2. I have studied carefully Your Excellency’s notes and appended documents of June 10 and of September 15,78 relating to the so-called “Infractions of American rights in China.” Therein are listed all sorts of cases, large and small, including those that have been settled and those that are purely local in character. I presume that Your Excellency does not expect me to offer explanations severally regarding each of these cases. Such explanations, if required, will be given by the officials in charge of these matters. Today I can deal with them only in a general manner.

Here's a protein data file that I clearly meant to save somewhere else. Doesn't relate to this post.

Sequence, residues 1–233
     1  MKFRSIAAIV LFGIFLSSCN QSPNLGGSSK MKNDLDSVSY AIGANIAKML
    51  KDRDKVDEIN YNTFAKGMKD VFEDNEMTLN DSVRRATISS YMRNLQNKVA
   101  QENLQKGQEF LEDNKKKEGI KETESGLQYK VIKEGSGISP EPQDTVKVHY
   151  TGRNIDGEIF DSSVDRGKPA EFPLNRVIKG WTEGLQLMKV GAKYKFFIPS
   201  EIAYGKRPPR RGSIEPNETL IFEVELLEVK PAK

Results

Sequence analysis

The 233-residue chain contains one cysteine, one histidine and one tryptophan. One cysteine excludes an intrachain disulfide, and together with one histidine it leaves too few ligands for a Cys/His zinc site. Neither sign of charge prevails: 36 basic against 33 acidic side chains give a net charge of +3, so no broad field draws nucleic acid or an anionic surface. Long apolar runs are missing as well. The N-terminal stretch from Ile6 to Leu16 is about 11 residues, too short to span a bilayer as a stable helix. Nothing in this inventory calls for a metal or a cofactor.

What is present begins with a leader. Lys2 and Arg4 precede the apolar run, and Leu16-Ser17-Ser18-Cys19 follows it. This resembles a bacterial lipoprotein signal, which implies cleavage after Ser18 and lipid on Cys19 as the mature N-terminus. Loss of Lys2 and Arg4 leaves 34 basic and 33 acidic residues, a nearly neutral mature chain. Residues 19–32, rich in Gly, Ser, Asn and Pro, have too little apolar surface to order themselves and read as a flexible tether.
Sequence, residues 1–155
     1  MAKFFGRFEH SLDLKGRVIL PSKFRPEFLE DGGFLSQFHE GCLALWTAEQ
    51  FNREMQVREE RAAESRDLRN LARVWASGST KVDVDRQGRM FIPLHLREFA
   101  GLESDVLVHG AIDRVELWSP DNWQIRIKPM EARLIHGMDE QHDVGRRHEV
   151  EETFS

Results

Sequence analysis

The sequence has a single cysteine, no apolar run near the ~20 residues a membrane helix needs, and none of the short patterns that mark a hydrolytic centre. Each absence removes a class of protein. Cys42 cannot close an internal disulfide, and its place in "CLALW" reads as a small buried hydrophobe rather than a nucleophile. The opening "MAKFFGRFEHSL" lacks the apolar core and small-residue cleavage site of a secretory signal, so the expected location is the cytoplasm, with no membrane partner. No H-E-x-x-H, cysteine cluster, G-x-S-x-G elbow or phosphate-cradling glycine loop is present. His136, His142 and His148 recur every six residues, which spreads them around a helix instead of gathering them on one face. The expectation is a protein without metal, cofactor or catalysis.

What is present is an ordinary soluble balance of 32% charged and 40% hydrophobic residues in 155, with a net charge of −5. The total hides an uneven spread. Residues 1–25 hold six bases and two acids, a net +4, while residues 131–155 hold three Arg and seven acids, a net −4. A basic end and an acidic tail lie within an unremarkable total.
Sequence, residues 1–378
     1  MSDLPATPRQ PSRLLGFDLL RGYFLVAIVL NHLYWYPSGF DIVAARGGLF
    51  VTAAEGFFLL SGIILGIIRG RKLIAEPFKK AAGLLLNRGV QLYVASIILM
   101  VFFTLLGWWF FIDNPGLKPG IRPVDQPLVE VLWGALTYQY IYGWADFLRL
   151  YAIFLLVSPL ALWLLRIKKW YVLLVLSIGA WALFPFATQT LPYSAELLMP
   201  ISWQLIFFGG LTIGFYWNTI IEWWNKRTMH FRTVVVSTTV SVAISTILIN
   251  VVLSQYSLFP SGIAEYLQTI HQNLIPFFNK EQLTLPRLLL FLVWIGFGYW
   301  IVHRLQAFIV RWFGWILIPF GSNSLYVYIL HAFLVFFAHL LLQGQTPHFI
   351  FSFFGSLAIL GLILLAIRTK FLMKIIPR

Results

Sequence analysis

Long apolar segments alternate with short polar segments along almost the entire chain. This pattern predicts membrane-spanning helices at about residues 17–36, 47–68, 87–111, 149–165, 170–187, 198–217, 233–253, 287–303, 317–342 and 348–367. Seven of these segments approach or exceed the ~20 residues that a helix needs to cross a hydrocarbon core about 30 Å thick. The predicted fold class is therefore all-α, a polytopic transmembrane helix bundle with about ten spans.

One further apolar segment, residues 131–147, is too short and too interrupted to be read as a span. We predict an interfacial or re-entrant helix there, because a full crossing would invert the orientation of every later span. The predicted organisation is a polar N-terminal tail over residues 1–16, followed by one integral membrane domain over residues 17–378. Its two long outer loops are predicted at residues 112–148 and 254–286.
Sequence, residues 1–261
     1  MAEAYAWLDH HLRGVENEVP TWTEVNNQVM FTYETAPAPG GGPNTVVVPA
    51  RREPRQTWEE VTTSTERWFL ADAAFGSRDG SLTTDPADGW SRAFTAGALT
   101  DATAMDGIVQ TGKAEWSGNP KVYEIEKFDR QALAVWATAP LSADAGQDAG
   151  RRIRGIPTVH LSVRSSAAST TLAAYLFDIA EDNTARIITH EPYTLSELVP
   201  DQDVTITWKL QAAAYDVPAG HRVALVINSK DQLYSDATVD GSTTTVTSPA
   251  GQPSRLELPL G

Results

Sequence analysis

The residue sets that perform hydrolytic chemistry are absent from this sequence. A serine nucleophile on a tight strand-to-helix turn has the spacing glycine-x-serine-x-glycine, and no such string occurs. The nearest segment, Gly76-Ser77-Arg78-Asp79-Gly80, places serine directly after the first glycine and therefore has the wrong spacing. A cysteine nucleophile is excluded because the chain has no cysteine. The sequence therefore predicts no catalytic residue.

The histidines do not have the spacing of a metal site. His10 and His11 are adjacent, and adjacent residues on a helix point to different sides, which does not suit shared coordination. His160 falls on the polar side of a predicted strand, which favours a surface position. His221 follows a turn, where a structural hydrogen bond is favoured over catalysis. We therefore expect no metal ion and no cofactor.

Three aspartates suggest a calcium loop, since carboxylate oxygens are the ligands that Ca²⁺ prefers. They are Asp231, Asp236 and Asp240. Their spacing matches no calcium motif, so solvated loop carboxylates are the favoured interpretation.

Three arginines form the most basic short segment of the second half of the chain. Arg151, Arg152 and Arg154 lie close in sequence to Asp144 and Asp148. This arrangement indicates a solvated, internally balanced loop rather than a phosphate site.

The cases enumerated in the documents seem to fall under two categories.

A.
Those of economic character, arising from or in connection with
1.
The coastal blockade.
2.
Control of transportation of goods.
3.
Closure of the Yangtse.
4.
Trade and exchange control in North China.
5.
The alleged “monopolies” in North China.
6.
Control of the transportation and shipment of light industry materials in North China.
7.
Control of money transmission in Mengchiang.
8.
Closure of Swatow harbour.
9.
Taxation.
10.
Tobacco control in Shangtung.
11.
Various control measures in Kwangtung.
B.
Those cases of damage resulting from military operation or arising in connection with various restrictions imposed for the maintenance of peace and order, such as:
1.
Damages due to bombings and shellings.
2.
Personal injuries; indignities and affronts.
3.
Trespasses on, or occupation, removal or destruction of, private properties.
4.
Restrictions of residence and movement.
5.
Censoring of mails.
6.
The so-called “Anti-American movement.”
7.